(CNN)A joint investigation by CNN and CNN en Español uncovered serious irregularities in the issuing of Venezuelan passports and visas. The investigation involved reviewing thousands of documents, conducting interviews in the U.S., Spain, Venezuela and the United Kingdom, as well as tracking down various officials from Venezuela.
Who's who in the alleged Venezuela passport fraud case
Here's a look at some of the key men and women involved in this year-long CNN investigation:
Misael Lopez is a former Venezuelan lawyer who served as legal advisor to the Venezuelan Embassy in Iraq from July 2013 to July 2015. During this time, Lopez alerted the Venezuelan government of the alleged sale of visas and passports inside the embassy in Baghdad. The Venezuelan government later denied these allegations to CNN. Lopez was formally dismissed in September 2015 and is now under investigation by the Venezuelan police for revealing "reserved, confidential or secret matters" to which he had access. He is now living in Spain.
Roger Noriega served as US ambassador to the Organization of American States between 2001 and 2003 and soon after was appointed assistant secretary of state for Western Hemisphere affairs until 2005. He has been a strong critic of the Venezuelan government, denouncing the alleged proximity of former President Hugo Chavez to radical Islamic groups. Noriega now works for the conservative think tank American Enterprise Institute and is also managing director of Vision Americas. He has testified before Congress about passports and other security threats connected to Venezuela.
Marco Ferreira is a retired Brigadier General of the Venezuelan National Guard who headed Venezuela's Department of Identification and Immigration between 2001 and 2002. He left the position after supporting a military coup against then-President Hugo Chávez. Ferreira told CNN that while running the country's immigration office, he discovered countless irregularities in the identification system, including cases of suspected drug traffickers and terrorist groups with multiple Venezuelan passports and identification cards.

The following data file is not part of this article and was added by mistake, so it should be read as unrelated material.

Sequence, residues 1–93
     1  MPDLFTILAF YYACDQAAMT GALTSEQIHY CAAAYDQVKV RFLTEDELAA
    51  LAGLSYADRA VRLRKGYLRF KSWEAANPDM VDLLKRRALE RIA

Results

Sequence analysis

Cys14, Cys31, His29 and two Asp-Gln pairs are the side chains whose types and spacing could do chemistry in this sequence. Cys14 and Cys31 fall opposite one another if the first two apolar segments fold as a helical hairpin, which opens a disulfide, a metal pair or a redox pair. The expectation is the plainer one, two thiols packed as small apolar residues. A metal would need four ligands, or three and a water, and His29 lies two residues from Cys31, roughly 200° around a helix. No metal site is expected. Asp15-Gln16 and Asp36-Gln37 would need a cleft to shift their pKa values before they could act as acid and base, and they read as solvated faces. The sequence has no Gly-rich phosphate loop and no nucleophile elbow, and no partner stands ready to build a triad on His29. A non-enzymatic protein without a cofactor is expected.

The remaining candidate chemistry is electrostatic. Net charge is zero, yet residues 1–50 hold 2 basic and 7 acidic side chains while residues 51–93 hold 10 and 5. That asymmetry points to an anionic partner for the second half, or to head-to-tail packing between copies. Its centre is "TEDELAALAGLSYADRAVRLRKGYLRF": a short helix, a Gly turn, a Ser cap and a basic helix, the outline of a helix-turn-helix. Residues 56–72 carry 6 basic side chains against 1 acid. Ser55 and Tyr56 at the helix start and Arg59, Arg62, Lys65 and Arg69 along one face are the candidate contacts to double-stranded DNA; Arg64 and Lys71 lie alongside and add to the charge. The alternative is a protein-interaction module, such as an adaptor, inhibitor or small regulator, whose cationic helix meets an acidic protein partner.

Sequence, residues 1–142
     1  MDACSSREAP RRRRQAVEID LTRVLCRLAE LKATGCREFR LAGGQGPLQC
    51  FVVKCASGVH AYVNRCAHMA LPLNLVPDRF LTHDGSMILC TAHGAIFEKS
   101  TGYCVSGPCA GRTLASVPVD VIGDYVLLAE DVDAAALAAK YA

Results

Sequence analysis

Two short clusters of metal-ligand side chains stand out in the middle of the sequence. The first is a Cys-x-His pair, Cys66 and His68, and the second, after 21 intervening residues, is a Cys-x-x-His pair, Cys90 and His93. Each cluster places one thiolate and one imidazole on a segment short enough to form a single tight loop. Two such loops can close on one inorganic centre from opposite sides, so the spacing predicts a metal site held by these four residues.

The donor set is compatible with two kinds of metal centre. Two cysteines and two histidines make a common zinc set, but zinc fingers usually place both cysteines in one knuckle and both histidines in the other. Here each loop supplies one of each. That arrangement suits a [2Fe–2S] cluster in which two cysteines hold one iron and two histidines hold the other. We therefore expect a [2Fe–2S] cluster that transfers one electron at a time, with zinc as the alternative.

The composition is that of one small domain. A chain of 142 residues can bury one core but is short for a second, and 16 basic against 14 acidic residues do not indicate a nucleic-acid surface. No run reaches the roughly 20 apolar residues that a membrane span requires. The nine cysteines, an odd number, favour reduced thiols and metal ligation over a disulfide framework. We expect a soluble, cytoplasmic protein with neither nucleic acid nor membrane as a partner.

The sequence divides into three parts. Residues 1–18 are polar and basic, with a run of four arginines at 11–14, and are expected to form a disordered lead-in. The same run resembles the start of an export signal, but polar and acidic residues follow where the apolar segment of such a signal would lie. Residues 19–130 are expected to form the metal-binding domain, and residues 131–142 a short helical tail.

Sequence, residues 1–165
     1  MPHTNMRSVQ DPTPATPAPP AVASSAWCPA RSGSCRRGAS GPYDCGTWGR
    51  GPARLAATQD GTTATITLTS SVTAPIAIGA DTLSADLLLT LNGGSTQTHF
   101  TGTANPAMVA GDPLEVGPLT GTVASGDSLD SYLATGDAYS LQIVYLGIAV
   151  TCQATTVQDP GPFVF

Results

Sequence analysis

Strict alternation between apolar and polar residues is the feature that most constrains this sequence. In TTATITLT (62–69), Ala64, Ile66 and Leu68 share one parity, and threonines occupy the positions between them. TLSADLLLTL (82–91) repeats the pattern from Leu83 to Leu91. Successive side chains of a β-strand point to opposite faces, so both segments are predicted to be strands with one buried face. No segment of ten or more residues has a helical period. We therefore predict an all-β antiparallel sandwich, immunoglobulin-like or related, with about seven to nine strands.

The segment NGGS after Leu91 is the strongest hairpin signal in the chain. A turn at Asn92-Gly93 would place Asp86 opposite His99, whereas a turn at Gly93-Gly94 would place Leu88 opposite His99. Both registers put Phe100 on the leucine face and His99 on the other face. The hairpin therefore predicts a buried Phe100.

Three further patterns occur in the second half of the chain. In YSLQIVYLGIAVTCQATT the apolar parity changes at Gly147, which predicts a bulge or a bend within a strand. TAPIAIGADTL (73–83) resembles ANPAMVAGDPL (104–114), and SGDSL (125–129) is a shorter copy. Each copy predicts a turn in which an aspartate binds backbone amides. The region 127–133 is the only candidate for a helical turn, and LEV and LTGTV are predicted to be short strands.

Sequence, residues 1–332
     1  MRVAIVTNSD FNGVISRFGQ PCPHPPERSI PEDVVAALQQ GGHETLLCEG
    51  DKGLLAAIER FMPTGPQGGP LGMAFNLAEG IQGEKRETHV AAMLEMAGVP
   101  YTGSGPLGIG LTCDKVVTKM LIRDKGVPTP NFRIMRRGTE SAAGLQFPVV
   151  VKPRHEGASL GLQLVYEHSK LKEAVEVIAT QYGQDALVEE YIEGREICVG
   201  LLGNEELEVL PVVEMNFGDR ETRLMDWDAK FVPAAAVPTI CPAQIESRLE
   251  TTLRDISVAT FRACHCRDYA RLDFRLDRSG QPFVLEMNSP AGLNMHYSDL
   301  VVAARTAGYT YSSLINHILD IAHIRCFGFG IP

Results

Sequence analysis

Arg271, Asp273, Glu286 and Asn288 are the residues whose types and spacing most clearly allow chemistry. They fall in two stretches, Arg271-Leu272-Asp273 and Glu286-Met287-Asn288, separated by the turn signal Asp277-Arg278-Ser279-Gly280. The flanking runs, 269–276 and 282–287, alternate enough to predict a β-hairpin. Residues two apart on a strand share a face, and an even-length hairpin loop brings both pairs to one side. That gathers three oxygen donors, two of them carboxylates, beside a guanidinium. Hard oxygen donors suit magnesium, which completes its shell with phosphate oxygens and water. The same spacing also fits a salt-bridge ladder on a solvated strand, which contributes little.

Tareck El Aissami is the vice president of Venezuela and the former minister in charge of immigration. He has been identified in congressional testimony for allegedly collaborating with terrorist groups in the Middle East. An intelligence report from a group of Latin American countries obtained by CNN says he used his political influence to provide identification cards, passports, and visas and to naturalize citizens of different countries connected to international terrorism. El Aissami has not responded to multiple requests for comment from CNN.
Delcy Rodriguez has been the Minister of Foreign Affairs of Venezuela since 2014. She is accused by Misael Lopez of dismissing important information on the alleged sale of Venezuelan passports and visas. During the 2016 United Nations General Assembly, Rodríguez said the allegations were not true.
Jonathan Velasco is a Venezuelan politician, appointed in May 2013 as Venezuela's ambassador to Iraq. Misael Lopez, who worked for Velasco when he was the legal advisor at the embassy, said the ambassador was aware of the alleged sale of passports and visas to non-Venezuelans by an embassy employee, who was an interpreter. Velasco has denied the allegations.
Ghazi Nasr Al Din is a former Venezuelan diplomat who served as counselor of the Venezuelan Embassy in Syria and later as head of political affairs at the Venezuelan Embassy in Lebanon. According to the U.S. Treasury Department, Nasr Al Din used his position as a diplomat to provide financial support to the terrorist group Hezbollah. Nasr Al Din has also done fundraising work for the group and facilitated the trip by Hezbollah members to and from Venezuela. He is currently on an FBI wanted list related to terrorism links. Nasr Al Din was born in Beirut and became a Venezuelan citizen in 1998.